Indian optician’s plea in Supreme Court threatens country’s banking industry: Report
COVID-19 pandemic crisis and nationwide lockdown imposed by the government on March 25 to contain the spread of the virus have led several businesses in the country into major financial crises. Amongst many businessmen who faced losses due to pandemic shutdowns is Agra-based Gajendra Sharma who owns an eyeglass shop in the city. Even during the lockdown, Sharm had to pay $2,700 (approximately Rs 2 lakh) in monthly recurring costs.
In a bid to support the pandemic-hit businesses, the Reserve Bank of India (RBI) has introduced a debt restructuring scheme. Under this scheme, the Central Bank allowed the banks to grant a loan moratorium for three months of EMI falling due between March 1 and May 31, 2020. Later, it was extended by RBI for a further three months till August 31.
Therefore, the 53-year-old optician thought that the pandemic debt moratorium would help him with his home loan.
However, the authorities have warned that Gajendra Sharma’s $13,500 debt is risking destabilisation of banks in the country. As per a Reuters report, his complaint challenging the loan relief plan has brought many other borrowers before the Supreme Court which will cost potentially cost $27 billion to the lenders. These borrowers include small businesses, power utilities, shopping malls and real estate businesses. Regulators and the banking industry have expressed concerns that it could disrupt the financial system of the country at a time when the economy is trying to come back on track in the aftermath of the Coronavirus pandemic.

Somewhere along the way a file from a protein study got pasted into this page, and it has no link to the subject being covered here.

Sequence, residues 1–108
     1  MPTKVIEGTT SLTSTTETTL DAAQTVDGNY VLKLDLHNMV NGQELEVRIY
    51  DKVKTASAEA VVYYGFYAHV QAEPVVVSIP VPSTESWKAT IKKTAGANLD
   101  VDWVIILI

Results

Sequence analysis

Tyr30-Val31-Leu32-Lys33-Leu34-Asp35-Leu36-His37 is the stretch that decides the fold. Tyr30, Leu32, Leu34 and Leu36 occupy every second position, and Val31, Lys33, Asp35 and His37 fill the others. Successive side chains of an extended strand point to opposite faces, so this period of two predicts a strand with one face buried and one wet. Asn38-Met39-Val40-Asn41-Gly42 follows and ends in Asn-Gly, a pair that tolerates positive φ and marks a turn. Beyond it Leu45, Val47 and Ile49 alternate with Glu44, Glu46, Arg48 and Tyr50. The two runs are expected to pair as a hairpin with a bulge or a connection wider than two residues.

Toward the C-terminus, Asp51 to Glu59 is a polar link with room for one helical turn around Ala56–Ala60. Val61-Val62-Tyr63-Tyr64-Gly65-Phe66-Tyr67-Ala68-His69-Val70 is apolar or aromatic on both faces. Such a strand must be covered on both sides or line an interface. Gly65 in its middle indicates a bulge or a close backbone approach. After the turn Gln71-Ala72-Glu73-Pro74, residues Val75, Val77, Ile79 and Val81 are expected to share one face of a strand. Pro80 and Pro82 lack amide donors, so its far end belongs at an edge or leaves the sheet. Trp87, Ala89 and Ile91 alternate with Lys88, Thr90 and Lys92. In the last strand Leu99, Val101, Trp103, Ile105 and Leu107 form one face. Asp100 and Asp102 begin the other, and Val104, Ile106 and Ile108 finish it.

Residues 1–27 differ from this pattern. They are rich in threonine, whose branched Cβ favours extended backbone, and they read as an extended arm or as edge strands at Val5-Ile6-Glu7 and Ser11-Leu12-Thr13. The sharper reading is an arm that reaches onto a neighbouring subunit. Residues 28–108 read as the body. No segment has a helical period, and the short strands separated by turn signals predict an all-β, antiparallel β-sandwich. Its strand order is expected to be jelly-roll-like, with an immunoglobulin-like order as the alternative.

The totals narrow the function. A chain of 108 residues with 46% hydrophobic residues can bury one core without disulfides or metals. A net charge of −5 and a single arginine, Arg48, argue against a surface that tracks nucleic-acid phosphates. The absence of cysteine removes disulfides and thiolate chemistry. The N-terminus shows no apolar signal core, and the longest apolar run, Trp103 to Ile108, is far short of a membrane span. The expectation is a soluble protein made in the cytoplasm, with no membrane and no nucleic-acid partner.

Reportedly, more than 120 lawyers have taken to the court in a bid to claim the debt relief promised by the RBI and the government. Many of the borrowers have claimed that the scheme is treating them harshly at a time when they are facing critical financial crises, calling for the banks to let go interest and compound interest that got accumulated when their earnings were suspended.
Speaking to Reuters, Gajendra Sharma stated that his debt load has increased due to the extra interest during the six-month reprieve that ended on August 31. In addition to this, he has also been paying monthly instalments on a $21,700 business loan, for which he did not claim for a moratorium.
Taking note of Sharma’s case, the Finance Minister has ordered a panel to review the impact of withdrawing interest and the compounding levy. This development has emerged at a time when Indian banks already have bad loans of over $120 billion, most of which are on state-run lenders.